Former education secretary Michael Suen Ming-yeung said in his column in Chinese-language newspaper AM730 on Wednesday that the general direction of solving the problem of “Hong Kong independence” is to “not oppose discussion in school.”
“There is a need to balance the supporting and opposing sides. First investigate what ‘Hong Kong independence’ is, and then look deeply into related articles in the Basic Law and the national policies they describe,” said Suen in a column entitled “‘Hong Kong independence’ as a topic for discussion does not need to be banned.”
He said that students should understand Hong Kong history, its constitutional status, and the basic law, as they are precursors for seriously and properly discussing issues related to independence. He also said that “our general studies teachers already have enough knowledge and experience to guide students in clearly understanding various discourses.”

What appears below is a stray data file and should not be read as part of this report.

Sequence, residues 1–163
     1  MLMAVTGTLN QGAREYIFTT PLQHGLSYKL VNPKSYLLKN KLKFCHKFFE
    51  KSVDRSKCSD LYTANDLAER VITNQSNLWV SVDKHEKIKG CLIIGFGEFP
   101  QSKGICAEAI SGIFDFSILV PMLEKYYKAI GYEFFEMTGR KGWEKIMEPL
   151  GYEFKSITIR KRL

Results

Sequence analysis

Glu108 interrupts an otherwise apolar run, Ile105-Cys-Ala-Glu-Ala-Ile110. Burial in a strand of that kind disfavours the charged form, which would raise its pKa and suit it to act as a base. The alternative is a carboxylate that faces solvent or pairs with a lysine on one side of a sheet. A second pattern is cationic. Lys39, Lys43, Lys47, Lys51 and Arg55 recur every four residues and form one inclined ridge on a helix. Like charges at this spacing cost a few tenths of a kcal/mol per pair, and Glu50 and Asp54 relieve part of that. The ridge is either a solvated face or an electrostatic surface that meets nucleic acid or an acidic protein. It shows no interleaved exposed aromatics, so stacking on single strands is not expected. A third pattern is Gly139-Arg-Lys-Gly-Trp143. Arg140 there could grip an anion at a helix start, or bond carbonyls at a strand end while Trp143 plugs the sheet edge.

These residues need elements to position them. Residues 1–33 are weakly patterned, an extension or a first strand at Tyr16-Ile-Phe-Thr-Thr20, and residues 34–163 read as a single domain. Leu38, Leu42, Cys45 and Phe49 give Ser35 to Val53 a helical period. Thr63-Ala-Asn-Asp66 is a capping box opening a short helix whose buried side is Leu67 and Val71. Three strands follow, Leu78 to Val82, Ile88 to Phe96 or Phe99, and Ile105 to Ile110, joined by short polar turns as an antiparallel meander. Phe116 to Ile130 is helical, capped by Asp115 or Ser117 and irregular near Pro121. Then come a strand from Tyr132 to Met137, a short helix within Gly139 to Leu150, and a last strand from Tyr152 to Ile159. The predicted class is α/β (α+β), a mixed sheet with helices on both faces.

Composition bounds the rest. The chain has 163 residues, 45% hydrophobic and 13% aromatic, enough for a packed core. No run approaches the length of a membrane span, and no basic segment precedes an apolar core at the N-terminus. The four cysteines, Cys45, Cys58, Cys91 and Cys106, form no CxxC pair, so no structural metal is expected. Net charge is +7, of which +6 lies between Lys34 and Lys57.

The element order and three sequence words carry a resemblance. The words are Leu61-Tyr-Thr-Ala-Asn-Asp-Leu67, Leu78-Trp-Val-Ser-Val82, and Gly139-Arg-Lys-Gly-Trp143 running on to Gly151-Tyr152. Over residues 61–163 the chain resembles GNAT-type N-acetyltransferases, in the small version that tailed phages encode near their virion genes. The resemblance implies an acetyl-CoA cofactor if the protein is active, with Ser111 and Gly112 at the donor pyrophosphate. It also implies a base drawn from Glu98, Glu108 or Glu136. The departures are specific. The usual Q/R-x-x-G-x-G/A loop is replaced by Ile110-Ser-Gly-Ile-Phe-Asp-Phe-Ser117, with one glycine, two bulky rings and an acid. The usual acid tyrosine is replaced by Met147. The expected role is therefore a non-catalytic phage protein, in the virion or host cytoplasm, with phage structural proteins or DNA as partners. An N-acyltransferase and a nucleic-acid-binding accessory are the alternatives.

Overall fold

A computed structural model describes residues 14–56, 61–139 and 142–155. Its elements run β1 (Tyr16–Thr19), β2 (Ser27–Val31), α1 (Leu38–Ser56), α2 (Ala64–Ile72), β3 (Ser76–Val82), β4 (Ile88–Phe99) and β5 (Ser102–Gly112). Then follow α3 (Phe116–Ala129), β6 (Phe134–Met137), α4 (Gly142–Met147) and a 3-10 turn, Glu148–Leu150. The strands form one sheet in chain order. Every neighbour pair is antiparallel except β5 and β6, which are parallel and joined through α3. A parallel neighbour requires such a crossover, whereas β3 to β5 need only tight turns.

Suen also said that the anti-sedition Article 23 has not yet been written into law. However, if ‘Hong Kong independence’ groups take action, they will need to do so as an organisation, and the government can block the registration of the group to make their actions illegal.
The Education Bureau, currently headed by Eddie Ng Hak-kim, has said that teachers who advocate independence in schools may lose their qualifications. Several sponsoring bodies have also released guidelines against the advocacy of Hong Kong independence in schools.